Mercedes-Benz UK and three of its dealers have been fined GBP2.6m over price-fixing by the government's Office of Fair Trading over breaches of competition law in the trucking industry.

According to the Daily Telegraph, Mercedes' UK arm and all three dealers - Ciceley, Road Range and Enza - admitted to "some element" of market sharing, price fixing or "exchange of commercially sensitive information" relating to the distribution of commercial vehicles between 2008 and 2010.

The fines concluded a three-year investigation by the OFT which saw the managing director of Mercedes-Benz's commercial vehicle wing arrested when the consumer regulator raided the automaker's UK offices in Tongwell, Milton Keynes. He was released on bail on the same day.

Mercedes UK and parent Daimler were ordered to pay GBP1.5m while the dealerships, based in Northern England and parts of Scotland and Wales, were levied fines running to the hundreds of thousands, the paper said.

A fourth dealer, Northside, also admitted involvement but avoided a penalty under immunity granted after it was the first party to provide evidence to the OFT.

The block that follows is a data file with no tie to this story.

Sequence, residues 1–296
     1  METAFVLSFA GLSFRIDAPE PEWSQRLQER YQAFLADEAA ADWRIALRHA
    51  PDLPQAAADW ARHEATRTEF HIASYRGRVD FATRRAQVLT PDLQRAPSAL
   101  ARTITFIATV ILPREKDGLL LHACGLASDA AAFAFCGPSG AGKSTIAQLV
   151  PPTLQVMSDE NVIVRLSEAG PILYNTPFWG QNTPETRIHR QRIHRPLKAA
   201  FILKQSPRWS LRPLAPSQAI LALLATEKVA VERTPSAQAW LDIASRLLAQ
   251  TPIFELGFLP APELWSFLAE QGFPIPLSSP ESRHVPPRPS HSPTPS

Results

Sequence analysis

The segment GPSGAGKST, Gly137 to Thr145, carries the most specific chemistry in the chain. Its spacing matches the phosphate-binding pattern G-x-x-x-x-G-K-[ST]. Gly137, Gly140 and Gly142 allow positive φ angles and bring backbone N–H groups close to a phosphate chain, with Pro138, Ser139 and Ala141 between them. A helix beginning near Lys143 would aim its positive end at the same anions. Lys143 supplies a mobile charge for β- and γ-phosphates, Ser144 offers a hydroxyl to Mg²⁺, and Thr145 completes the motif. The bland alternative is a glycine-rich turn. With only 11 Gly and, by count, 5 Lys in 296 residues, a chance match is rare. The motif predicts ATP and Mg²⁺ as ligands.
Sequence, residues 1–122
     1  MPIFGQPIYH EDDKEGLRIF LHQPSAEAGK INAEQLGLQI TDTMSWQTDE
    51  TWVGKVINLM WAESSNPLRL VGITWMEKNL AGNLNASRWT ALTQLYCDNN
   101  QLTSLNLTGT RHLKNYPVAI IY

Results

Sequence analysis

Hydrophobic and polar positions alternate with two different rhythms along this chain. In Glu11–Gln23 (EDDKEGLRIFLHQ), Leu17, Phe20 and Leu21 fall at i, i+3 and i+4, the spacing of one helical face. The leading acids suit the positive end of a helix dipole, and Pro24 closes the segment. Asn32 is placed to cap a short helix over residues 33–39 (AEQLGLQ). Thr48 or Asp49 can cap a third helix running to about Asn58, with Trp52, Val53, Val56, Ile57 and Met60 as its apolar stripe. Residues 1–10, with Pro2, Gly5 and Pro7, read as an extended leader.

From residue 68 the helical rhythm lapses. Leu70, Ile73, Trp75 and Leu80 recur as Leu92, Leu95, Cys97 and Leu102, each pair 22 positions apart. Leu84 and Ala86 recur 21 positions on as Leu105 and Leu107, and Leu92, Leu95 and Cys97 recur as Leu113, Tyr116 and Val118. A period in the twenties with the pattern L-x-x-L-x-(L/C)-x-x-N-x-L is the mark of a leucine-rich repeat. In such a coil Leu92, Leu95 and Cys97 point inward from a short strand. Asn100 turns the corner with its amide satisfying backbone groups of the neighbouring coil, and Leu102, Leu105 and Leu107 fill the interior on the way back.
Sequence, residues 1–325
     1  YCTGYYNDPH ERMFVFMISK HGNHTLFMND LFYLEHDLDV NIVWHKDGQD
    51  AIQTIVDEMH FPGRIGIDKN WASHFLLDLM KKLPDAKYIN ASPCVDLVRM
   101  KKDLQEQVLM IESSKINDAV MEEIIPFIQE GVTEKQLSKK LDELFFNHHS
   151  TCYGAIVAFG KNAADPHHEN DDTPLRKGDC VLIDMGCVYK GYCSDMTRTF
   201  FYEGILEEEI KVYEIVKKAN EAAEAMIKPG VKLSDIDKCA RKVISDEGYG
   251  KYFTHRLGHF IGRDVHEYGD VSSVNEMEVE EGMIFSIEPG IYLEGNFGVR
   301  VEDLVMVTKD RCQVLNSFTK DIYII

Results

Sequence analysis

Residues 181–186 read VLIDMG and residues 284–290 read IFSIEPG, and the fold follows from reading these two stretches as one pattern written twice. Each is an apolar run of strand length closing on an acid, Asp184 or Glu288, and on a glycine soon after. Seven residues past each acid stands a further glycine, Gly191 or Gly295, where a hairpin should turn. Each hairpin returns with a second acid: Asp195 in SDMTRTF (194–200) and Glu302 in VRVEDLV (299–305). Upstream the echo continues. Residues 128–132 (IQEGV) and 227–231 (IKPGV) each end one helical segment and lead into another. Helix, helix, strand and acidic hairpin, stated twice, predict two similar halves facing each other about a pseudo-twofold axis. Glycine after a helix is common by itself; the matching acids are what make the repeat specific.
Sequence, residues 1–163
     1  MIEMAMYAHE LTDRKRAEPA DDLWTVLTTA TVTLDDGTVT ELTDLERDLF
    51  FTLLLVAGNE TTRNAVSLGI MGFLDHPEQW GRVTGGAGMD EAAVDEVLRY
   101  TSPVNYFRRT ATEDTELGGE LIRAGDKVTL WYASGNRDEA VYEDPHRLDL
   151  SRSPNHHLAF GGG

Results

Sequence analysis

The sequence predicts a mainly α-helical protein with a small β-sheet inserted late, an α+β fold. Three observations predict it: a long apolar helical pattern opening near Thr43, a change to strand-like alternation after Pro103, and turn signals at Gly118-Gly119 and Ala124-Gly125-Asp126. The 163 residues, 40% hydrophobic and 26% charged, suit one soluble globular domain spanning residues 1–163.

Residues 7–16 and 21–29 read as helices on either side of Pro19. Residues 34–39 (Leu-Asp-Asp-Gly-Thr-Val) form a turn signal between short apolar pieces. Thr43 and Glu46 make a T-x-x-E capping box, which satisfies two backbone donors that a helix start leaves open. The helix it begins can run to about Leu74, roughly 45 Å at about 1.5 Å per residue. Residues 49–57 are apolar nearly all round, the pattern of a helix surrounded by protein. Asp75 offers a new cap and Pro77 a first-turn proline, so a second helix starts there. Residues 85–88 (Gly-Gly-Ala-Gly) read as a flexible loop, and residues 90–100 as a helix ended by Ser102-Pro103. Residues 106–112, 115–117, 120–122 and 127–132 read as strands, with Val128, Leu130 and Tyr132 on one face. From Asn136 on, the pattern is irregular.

Without a 15% discount for cooperation with the regulator, the total penalty would have reached £3.07m, the report said.

"These cases send a clear signal that the OFT will take firm action against companies that collude to deny customers the benefit of fair competition regardless of the size of the firms involved or geographic scope of the investigation," said Ali Nikpay, senior director of cartels at the OFT.

He added that the OFT had to uncover the cartel without a tip off from a whistle blower.

A Mercedes-Benz spokesman told the Telegraph the company had responded to the investigation by "strengthening its internal controls" with "every member of staff participating in comprehensive and ongoing integrity training programmes."

"Mercedes-Benz takes its responsibilities under competition law seriously and has taken all appropriate steps to ensure all its staff comply fully with the law," he added.

Cartels are illegal in the UK because they are seen as highly damaging to consumers, potentially costing them substantial amounts of money from the lack of competition.